WASHINGTON-More than 60 million people in the United States will be cellular subscribers by the end of this century, Economic and Management Consultants International Inc. predicts in a new report.
In “The U.S. Cellular Marketplace: 1995,” EMCI projects that by 2000 there will be an aggregate of 80 million cellular and personal communications services users-an average of 1.8 subscribers per household. This results in a household penetration of more than 43 percent, with upper income households having a penetration of more than 96 percent.
EMCI notes that business usage as a percentage of total cellular usage has declined from 52 percent in 1992 to 38 percent at mid-year 1995.
The company found that subscriber churn represents a continuing problem and in fact has been magnified by the increase in low-usage subscribers that tend to have higher churn rates. The report estimates that total churn is 2.5 percent per month.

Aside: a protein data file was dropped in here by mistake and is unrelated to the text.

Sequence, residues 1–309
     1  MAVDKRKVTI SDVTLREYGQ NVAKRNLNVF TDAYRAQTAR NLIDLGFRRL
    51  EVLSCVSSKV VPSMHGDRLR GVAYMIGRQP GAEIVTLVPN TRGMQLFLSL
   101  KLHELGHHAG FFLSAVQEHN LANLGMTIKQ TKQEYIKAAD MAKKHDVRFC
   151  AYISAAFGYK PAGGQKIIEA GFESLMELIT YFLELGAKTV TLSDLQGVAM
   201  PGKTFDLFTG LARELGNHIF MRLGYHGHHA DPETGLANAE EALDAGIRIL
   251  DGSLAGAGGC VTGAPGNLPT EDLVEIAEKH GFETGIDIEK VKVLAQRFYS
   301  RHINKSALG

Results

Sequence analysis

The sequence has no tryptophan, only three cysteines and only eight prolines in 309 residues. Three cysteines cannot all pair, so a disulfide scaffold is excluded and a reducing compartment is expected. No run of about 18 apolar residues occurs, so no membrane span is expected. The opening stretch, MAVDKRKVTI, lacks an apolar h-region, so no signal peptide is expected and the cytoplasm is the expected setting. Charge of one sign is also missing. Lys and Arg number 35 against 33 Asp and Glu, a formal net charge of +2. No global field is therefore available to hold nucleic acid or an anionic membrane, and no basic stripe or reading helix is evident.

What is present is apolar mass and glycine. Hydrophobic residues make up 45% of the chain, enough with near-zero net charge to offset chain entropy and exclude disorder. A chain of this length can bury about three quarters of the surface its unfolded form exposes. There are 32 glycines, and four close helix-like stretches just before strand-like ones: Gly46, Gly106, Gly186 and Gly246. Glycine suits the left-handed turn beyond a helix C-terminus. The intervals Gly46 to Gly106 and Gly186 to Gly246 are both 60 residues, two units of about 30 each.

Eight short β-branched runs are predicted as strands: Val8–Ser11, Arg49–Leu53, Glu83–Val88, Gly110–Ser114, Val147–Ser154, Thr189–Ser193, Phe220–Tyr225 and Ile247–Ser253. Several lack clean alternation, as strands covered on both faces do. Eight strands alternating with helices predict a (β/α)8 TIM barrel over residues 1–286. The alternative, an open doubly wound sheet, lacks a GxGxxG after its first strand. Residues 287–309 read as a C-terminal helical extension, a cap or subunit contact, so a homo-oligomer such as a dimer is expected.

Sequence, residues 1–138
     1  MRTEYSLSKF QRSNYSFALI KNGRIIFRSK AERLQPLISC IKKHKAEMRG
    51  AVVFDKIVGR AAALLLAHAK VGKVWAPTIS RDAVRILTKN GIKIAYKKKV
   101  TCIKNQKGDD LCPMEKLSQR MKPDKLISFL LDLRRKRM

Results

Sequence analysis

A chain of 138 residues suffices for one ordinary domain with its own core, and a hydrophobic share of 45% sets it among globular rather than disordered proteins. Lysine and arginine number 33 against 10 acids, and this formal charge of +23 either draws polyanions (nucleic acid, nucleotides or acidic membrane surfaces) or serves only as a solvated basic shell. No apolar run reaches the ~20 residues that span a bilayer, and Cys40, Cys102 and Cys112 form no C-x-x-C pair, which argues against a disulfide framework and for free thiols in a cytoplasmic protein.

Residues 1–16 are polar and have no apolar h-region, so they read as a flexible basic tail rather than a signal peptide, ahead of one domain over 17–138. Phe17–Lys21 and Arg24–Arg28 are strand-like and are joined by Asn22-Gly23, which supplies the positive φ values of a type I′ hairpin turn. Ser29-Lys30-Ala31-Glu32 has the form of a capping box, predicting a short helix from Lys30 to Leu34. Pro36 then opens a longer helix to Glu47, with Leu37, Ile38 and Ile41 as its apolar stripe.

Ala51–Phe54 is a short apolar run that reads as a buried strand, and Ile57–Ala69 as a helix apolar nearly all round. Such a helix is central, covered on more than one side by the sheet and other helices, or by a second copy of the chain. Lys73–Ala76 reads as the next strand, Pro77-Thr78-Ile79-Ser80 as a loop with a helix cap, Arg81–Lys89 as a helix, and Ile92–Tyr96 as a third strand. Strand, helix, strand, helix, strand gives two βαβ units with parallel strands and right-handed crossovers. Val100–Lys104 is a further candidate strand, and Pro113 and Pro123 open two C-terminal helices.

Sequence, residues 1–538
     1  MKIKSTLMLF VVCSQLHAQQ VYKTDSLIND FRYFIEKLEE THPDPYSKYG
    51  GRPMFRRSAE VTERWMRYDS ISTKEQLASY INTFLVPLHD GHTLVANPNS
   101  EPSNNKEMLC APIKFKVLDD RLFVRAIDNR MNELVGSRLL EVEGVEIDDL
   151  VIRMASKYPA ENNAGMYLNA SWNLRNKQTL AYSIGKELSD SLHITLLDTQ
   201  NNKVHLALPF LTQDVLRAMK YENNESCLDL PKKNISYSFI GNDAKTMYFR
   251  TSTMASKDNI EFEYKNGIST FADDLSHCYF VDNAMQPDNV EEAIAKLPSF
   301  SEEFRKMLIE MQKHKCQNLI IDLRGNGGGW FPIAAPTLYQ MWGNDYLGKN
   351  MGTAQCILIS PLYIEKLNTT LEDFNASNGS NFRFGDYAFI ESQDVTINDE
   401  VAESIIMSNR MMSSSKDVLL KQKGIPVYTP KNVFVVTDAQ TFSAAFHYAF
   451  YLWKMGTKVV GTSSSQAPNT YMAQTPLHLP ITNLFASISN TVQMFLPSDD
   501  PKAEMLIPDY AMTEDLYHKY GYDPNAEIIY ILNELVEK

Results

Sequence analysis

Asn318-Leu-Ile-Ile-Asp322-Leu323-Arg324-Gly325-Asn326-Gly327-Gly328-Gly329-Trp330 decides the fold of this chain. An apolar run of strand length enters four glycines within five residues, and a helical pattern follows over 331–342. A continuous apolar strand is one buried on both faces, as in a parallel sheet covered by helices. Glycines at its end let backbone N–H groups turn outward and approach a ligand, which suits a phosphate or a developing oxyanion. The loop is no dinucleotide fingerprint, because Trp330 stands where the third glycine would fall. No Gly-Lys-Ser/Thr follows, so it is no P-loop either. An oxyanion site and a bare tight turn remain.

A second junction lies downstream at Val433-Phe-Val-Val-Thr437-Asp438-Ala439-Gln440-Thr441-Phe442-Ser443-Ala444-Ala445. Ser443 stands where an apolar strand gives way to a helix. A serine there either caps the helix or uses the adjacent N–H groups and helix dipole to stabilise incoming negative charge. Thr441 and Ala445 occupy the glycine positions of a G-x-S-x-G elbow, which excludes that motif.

EMCI believes the implementation of the first commercial PCS networks in late 1995 will have an indelible effect on the entire mobile telephony marketplace. By 2005, the company projects that the cellular industry will lose more than 30 percent of its market share to PCS and emerging enhanced specialized mobile radio carriers.
However, EMCI’s market share projections are by license type. With a number of carriers preparing to offer networks over both cellular and PCS, the report emphasized that competition will be between carriers not network types.